This past Sunday was National Cancer Survivors Day. That sentence alone carries a lot of emotion for so many people. I'm grateful to have so many cancer survivors among my friends and family, people I love dearly and am so lucky to have more time with. Yet, every year, my mind still drifts back to Sam - so strong, so brave, the definition of a "survivor " Taken too soon in spite of it all.
My brother, Sam, was 12 years old when a minor head injury during a hockey game marked the beginning of our world forever changing. What first seemed to be a concussion turned out to be bleeding on the brain, which turned out to be a tumor, which we soon learned was cancer. Gliobastoma Multiforme. GBM. A rapidly growing, rapidly spreading brain tumor.
Brain Surgery. Radiation. Chemotherapy. The eye of the storm in the form of a year of remission that seemed too good to be true. Three years of fighting - his own words, held true to his very last breath: Never Stop Fighting.
Since he's been gone, memories are so precious. I often find myself wracking my brain for just one more - just one more moment that perhaps I forgot. I've tried to think back to the beginning: can I remember the first time I saw him? A fresh new baby, placed in my own tiny arms for the first time, the beginning of a bond that even death couldn't quite part? I can't seem to bring it to the surface. There's a desperation for more, a guilt when the memories fade.
The things I remember most vividly, more than moments, are the things that made him...him. The Sam things. His pretty blue eyes, framed with dark lashes - his smile always sparkled in them. The way he laughed hard - tears in his eyes, nostrils flaring. The way he would lay his head on my shoulder - he always told me it was the "coziest" shoulder out there. His kind, gentle, loyal heart - forever the friend of those who needed one the most, his indignation at even the thought of injustice. The way he loved our mama - she could do no wrong in his eyes.
I remember the moment I knew the cancer was back, the way I somehow knew in that moment that we were going to lose him. I had brought him with me to the midnight showing of the last Harry Potter movie - the last, his first midnight show, and he was so excited. He started getting sick halfway through, and as we drove home that night my heart was in my stomach. Dread.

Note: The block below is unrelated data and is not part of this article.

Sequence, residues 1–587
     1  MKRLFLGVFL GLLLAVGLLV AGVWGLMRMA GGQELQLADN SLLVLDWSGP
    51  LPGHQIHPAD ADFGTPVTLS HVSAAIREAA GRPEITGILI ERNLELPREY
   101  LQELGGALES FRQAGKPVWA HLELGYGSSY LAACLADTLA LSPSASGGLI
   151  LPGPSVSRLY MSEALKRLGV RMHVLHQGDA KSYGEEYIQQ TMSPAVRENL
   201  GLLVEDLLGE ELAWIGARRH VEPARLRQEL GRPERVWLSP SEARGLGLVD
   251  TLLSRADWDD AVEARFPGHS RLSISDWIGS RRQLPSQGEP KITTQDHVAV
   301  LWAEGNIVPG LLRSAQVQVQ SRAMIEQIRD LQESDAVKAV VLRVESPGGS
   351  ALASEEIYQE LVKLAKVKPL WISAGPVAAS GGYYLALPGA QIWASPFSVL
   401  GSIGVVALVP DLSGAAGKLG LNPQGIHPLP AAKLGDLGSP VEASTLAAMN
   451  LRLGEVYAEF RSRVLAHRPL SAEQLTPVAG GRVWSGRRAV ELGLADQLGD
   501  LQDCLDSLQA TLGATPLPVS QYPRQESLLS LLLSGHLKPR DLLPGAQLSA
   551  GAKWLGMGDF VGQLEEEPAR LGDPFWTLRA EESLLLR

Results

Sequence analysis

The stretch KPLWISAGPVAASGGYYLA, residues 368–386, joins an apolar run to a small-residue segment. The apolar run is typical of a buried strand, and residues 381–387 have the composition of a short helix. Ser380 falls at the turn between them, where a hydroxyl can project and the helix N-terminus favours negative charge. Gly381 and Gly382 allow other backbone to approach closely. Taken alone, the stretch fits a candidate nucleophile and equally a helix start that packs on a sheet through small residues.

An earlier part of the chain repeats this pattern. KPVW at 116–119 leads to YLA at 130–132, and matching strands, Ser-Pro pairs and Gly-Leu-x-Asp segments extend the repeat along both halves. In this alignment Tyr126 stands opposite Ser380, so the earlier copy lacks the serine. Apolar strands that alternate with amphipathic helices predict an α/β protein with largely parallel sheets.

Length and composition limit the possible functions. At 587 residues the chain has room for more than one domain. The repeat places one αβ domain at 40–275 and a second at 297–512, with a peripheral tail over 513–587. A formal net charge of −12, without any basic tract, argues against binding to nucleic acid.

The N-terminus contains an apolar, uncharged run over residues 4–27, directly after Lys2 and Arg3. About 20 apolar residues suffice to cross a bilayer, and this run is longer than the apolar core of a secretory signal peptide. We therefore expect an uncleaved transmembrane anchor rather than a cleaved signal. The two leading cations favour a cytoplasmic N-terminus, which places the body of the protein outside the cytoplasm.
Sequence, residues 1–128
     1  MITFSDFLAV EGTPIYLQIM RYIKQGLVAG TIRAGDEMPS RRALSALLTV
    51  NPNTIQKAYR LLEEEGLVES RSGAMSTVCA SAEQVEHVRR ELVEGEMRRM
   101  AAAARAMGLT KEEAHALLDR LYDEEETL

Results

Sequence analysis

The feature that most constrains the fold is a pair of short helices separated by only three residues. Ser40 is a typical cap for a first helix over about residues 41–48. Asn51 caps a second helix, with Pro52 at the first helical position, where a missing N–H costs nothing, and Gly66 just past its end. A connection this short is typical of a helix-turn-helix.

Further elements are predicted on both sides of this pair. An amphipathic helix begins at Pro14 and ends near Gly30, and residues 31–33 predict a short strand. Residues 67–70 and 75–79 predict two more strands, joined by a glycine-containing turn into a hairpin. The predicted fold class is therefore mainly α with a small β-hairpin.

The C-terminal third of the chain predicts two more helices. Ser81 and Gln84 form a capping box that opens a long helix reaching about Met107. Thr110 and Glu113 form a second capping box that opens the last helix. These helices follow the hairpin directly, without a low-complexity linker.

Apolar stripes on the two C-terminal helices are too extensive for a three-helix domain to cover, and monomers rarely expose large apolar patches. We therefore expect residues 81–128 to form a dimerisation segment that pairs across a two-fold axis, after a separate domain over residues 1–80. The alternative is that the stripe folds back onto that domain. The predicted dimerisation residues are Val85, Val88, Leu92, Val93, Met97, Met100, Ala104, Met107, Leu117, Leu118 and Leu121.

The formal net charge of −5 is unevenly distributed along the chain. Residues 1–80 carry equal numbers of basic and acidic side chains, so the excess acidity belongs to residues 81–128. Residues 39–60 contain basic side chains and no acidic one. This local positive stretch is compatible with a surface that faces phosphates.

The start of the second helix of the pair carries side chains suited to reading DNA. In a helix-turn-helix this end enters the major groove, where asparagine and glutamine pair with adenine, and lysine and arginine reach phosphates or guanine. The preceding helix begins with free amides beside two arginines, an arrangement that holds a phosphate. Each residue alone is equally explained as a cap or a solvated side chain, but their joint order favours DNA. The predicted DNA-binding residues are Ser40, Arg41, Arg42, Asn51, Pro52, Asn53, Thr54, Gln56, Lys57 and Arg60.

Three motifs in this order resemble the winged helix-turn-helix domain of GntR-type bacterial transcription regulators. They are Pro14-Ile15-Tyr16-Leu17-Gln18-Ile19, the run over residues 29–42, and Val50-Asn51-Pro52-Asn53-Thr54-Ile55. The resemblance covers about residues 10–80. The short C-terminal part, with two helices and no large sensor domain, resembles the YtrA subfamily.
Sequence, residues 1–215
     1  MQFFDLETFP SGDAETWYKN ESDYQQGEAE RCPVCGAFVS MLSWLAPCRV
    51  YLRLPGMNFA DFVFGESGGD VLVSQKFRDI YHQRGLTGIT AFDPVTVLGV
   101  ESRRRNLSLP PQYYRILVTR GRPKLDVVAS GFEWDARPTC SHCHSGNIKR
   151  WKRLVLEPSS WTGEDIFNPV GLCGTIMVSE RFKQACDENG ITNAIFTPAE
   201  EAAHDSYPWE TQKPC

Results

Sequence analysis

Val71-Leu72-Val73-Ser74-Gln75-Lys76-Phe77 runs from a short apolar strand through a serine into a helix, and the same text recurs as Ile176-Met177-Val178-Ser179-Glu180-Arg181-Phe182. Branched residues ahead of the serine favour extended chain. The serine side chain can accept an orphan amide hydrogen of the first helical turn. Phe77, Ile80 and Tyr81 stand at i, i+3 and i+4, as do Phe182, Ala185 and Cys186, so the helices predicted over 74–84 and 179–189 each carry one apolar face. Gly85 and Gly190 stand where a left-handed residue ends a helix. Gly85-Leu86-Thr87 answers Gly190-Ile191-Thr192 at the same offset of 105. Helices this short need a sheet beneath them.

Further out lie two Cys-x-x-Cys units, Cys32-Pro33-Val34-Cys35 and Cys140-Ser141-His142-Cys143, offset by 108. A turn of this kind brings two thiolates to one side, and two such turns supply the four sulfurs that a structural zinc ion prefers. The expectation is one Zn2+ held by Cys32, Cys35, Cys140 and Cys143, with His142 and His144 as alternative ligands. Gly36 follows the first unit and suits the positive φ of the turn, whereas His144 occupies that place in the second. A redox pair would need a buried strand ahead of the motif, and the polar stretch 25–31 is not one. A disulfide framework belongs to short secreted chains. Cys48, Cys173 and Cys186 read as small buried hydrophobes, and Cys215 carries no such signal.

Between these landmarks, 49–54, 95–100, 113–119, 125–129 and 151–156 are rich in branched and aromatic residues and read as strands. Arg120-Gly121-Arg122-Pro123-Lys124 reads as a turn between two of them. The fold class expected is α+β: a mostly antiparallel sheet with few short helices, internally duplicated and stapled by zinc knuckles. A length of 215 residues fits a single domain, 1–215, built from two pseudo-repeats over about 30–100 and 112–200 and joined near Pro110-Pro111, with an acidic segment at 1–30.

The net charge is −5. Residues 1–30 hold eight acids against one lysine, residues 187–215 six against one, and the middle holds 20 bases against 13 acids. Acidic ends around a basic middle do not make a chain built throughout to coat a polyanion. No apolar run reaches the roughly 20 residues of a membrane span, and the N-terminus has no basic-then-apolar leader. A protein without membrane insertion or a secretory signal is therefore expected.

When he died, I remember holding his hand, studying his fingers, trying not to forget. I held his hand again one more time before we laid him to rest. Fifteen years old, and so full of ambition.
The dialogue around cancer, and the battle, has troubled me since. The way we tell people that the way to beat it is to be strong. The reality is that everyone, whether a survivor or victim of this disease, is so strong, so brave. The difference is luck, timing, and, frankly, that isn't good enough for me.
Sam never did stop fighting, true to his words. He selflessly elected to donate his brain to research when he learned his condition was terminal, to help save other children from his own fate. Tens of thousands of dollars have been raised in his name. He has made a difference in this fight.
If there is anything I can do to honor his memory, it is to do all I can to arm our medical teams with treatments that can overcome the constraints of luck and timing, so that every strong, brave, beautiful soul can call themselves a survivor.
My brother will never meet his niece, his chair will be vacant at my wedding, I'll never see him fall in love, watch our children play together at our parents home. But someone else will. A child fighting today, can live that life with our help.
In my brother's name, I'm donating today to the Childhood Brain Tumor Foundation, because every little effort counts. I hope that today, if you are so inclined, you might also make a donation to this, or another research foundation.
Together, we can even the odds, take luck out of the equation, and fill our world with survivors.
Sammy, we'll Never Stop Fighting.